Video recording, normally in black and white, can be used in much the same way as 16 mm photographic techniques. The author examines the relative merits of both systems and describes some recent applications of the video technique. A time-lapse recorder is shown to be an economic means of carrying out studies of vehicle manoeuvres and traffic volume counts. Conventional video recorders have been used to study simple vehicle or pedestrian timings. The study utilised existing surveillance cameras on motorways, and another used a surveillance camera in a city centre. Video recordings are useful for making visual and qualitative assessments of traffic situations and television techniques can be used to combine traffic views with superimposed displays. One such system has been used to study close following behaviour on motorways. Another system described has been developed to enable the collection and rapid interpretation and analysis of traffic data. This system uses an extensive suite of computer programs with television and video recording techniques. It has been used to study merging motorway traffic. Programs also exist for the study of vehicle trajectory, lane changing and gaps and headway determination. (TRRL)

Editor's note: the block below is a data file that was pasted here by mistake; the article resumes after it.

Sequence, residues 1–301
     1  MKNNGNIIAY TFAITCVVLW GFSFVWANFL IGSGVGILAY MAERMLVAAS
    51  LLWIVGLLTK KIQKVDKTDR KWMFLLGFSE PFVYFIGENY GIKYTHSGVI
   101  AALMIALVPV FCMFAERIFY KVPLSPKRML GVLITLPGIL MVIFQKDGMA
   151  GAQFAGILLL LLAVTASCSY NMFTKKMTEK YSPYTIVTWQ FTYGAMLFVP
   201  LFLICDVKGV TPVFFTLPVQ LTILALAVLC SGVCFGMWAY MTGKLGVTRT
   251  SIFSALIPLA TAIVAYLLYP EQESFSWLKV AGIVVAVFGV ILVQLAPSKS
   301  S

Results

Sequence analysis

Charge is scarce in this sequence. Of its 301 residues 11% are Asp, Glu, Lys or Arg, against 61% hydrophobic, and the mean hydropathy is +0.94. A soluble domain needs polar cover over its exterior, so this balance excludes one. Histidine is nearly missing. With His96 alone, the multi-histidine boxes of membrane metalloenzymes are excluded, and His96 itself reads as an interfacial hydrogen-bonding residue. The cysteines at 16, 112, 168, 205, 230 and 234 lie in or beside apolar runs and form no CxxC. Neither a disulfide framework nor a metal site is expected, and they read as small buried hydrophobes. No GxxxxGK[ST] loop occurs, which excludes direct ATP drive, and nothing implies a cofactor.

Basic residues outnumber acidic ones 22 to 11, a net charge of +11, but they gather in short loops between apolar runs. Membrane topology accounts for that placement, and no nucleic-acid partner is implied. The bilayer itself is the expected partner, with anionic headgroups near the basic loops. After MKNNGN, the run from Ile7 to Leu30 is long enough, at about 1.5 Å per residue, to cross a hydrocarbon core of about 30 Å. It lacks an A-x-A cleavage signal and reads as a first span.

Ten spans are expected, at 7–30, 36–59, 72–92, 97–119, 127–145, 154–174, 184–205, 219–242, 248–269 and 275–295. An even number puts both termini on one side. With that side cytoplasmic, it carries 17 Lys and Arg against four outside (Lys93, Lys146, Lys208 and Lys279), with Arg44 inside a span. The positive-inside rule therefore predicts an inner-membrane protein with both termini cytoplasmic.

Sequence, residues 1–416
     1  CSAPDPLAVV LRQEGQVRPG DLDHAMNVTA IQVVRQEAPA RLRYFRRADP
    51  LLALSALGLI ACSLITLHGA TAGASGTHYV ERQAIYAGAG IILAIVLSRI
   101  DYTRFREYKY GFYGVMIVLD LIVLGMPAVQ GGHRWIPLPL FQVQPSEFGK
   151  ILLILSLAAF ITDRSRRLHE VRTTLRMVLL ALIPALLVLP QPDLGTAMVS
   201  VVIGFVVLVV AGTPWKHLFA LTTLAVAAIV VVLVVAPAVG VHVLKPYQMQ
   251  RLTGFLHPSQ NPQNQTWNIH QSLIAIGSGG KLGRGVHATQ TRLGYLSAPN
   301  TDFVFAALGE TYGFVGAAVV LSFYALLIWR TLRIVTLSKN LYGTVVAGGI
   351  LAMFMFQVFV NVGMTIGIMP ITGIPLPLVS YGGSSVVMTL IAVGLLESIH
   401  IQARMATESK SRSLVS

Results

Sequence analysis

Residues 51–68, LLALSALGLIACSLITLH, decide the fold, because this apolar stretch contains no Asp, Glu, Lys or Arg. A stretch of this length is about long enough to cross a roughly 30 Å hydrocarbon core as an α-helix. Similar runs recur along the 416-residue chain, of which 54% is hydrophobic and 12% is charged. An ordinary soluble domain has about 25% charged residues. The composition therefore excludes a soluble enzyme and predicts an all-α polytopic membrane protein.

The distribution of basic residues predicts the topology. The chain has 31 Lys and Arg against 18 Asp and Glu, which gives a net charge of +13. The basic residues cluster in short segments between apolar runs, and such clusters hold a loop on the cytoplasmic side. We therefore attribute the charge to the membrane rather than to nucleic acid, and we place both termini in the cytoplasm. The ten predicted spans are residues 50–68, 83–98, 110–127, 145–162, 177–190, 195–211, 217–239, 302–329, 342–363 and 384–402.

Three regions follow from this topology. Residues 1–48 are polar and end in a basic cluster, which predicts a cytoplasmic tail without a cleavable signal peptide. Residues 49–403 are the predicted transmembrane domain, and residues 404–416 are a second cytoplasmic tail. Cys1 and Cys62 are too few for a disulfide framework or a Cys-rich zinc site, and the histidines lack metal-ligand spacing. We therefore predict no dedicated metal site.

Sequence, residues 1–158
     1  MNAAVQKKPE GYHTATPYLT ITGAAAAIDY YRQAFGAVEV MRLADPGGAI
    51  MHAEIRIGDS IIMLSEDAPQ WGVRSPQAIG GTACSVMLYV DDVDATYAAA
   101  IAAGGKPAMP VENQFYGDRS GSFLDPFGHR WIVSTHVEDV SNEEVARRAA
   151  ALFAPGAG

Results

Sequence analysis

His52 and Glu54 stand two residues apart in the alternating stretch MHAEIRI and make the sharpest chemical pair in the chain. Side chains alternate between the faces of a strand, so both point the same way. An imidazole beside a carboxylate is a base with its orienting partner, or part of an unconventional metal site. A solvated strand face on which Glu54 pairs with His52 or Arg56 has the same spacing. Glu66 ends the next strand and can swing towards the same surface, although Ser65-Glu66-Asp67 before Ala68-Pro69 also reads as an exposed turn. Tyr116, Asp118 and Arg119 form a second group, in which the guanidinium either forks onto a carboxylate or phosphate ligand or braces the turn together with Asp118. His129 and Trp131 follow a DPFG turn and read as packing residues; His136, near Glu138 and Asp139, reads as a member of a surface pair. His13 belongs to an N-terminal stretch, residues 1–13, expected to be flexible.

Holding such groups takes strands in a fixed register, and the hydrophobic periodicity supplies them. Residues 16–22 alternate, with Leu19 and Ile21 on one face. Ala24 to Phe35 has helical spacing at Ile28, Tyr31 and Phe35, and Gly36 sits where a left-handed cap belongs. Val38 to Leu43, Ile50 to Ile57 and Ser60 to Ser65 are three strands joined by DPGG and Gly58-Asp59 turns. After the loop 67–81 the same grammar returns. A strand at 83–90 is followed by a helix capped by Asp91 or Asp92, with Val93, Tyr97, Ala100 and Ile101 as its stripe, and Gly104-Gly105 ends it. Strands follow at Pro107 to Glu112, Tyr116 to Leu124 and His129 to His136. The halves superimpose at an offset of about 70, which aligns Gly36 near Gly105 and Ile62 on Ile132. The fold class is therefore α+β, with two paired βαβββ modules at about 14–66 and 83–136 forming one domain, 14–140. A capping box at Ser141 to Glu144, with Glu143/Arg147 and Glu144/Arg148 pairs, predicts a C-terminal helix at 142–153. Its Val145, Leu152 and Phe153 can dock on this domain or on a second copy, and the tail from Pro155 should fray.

• Supplemental Notes:
    • Conference on Traffic Data Collection, University of Leeds, Bodington Hall, January 8-9, 1979.
  • Corporate Authors:

    University of Leeds

    Department of Civil Engineering
    Leeds, West Yorkshire  United Kingdom  LS2 9JT
  • Authors:
    • Tough, J
  • Publication Date: 1979

Media Info

  • Features: References;
  • Pagination: 21 p.

Subject/Index Terms

Filing Info

  • Accession Number: 00342283
  • Record Type: Publication
  • Source Agency: Transport Research Laboratory
  • Files: ITRD, TRIS
  • Created Date: Dec 22 1981 12:00AM